How are Canadians feeling about their finances in the current climate?

The central bank's rate movements are exacting a high toll

How are Canadians feeling about their finances in the current climate?

As of the week ending October 28, around 47% of Canadians indicated a belief that their financial situations have worsened over the past year, according to the latest poll conducted by Nanos Research for Bloomberg.

This was the highest reading for this metric so far, ever since Nanos began its surveys in 2008. Nanos said that this share exceeded even the levels seen during the height of the pandemic and the global financial crisis. Just a little over 13% of respondents said that their finances have improved.

Consumers’ financial sentiment weakened for the ninth straight week, with the Bloomberg Nanos Canadian Confidence Index settling at 42.1. Nanos said that this was its lowest level so far, not counting the most recent economic crises.

More than six in 10 Canadians (64%) said that they are bracing for a weaker economy within the next half-year, while only 9% are anticipating an improvement. Fully 40% of Canadians are expecting home prices to fall over the next six months.

Read more: Could rising interest rates crash Canada’s housing market?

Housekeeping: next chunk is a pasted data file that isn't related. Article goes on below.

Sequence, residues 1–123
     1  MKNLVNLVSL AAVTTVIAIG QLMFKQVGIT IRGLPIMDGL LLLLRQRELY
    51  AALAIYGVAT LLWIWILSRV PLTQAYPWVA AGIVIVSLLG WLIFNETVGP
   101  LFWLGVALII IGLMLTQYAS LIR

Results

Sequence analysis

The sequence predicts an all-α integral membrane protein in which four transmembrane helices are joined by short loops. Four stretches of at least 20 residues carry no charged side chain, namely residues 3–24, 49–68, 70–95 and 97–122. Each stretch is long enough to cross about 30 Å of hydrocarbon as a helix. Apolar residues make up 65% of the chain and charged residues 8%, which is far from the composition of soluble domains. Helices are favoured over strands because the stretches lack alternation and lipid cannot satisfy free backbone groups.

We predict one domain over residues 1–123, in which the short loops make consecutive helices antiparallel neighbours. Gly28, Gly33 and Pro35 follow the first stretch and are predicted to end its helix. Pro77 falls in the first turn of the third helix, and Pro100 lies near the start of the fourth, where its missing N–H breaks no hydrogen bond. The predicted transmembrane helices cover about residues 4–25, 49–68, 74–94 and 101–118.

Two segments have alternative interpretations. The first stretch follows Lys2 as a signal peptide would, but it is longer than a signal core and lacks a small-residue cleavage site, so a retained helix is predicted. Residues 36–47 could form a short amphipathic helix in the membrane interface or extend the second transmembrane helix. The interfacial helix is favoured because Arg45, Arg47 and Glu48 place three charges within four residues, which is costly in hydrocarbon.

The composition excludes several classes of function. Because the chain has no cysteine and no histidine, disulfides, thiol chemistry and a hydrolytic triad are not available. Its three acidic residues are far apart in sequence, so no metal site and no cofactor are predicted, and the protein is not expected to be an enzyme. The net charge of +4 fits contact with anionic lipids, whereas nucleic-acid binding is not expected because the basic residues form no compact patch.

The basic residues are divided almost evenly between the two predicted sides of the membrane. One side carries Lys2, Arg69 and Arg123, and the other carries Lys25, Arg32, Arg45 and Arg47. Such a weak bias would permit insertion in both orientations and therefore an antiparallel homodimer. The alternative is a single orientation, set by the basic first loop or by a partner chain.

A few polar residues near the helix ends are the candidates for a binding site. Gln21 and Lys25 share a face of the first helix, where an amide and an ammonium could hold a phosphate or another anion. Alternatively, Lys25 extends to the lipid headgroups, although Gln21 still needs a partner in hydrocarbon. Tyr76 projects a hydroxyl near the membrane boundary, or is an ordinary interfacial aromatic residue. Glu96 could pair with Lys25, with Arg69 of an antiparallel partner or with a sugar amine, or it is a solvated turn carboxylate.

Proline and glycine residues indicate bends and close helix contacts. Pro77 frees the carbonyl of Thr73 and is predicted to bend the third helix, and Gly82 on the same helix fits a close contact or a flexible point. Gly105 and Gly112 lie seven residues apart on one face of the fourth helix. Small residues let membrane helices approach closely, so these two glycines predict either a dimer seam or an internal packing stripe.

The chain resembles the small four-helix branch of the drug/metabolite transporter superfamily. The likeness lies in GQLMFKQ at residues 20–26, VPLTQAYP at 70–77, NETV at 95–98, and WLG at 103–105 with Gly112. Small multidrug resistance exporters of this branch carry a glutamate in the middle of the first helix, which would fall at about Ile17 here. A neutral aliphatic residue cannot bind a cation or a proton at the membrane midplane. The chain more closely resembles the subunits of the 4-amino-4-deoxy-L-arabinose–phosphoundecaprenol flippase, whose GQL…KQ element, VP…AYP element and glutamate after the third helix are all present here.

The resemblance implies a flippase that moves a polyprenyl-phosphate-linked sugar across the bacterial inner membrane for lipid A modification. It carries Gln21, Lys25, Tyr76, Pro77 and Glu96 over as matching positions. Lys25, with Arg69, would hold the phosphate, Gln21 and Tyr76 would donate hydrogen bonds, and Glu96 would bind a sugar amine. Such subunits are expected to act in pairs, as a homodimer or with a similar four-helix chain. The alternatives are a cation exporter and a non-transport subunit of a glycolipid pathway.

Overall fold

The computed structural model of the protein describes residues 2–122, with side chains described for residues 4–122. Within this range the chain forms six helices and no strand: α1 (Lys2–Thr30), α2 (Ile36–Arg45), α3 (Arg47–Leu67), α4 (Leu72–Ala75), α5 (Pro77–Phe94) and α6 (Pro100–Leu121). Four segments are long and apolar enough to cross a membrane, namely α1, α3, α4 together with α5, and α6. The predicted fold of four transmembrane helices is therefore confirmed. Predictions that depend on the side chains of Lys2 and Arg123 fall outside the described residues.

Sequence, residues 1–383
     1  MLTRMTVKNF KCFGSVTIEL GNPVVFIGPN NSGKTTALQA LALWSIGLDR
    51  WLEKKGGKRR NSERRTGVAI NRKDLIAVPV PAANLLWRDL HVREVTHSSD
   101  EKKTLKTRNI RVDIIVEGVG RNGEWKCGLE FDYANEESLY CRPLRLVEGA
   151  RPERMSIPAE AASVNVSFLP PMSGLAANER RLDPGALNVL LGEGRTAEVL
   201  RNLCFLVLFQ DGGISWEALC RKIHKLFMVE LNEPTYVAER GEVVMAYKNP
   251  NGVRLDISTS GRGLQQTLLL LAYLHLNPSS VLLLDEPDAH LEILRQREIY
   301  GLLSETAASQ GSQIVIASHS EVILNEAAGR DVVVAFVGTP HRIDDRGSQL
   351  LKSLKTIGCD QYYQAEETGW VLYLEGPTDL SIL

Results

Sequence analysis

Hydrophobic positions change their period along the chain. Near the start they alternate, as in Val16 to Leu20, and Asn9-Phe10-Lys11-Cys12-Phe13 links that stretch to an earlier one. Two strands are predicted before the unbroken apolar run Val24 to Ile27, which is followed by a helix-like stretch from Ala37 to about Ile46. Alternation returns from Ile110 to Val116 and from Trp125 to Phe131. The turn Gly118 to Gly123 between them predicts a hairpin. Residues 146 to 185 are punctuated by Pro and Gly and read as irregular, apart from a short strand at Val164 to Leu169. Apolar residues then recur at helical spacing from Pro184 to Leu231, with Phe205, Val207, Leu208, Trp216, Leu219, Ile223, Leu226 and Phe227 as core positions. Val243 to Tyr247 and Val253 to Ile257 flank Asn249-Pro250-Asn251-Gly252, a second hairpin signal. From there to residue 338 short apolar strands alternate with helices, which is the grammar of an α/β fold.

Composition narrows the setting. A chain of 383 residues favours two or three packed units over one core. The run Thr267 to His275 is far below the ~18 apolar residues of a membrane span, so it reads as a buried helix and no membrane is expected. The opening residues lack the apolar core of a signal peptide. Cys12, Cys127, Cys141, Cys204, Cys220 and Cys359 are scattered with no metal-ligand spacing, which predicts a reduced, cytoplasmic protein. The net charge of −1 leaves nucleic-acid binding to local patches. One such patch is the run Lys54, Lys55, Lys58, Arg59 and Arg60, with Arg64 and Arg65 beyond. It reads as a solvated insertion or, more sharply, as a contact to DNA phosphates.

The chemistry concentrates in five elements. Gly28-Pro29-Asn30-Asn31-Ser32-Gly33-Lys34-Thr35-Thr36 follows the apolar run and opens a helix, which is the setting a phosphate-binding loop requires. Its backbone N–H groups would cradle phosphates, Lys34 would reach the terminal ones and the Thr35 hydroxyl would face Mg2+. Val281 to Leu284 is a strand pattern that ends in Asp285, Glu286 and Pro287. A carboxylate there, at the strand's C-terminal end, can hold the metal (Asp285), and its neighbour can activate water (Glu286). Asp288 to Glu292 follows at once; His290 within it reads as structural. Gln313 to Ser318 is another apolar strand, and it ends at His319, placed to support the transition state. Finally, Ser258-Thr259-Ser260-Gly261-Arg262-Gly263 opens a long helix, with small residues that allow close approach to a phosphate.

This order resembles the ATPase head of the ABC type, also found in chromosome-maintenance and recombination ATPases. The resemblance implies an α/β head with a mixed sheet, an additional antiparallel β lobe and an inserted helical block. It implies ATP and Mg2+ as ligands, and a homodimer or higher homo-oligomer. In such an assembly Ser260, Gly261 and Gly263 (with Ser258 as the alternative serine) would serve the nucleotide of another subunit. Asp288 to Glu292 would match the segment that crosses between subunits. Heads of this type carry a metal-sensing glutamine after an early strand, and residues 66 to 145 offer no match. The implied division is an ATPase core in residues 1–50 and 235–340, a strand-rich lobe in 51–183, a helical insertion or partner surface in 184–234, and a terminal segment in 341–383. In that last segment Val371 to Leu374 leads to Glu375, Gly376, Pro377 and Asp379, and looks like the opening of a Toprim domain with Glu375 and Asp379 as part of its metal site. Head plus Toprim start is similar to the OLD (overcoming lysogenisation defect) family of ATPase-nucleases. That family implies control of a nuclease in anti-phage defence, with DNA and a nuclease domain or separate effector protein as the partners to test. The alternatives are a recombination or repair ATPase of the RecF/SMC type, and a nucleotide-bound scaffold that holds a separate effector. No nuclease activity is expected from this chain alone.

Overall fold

These were similar to the results of a recent survey by MNP LTD, which found 59% of Canadians expressing anxiety about the financial impact of the current rate-hike environment.

This level was also the highest point on record since MNP began tracking in 2017.

“After the repeated interest rate hikes this year, it is understandable that Canadians are more concerned than ever about what the impact will be on their finances,” said Grant Bazian, president of MNP LTD.

“Our findings show that renters and lower-income households are more financially vulnerable to the impacts of rising interest rates and the cost-of-living. These groups will need to be particularly cautious with their spending in the coming months to keep themselves out of financial trouble.”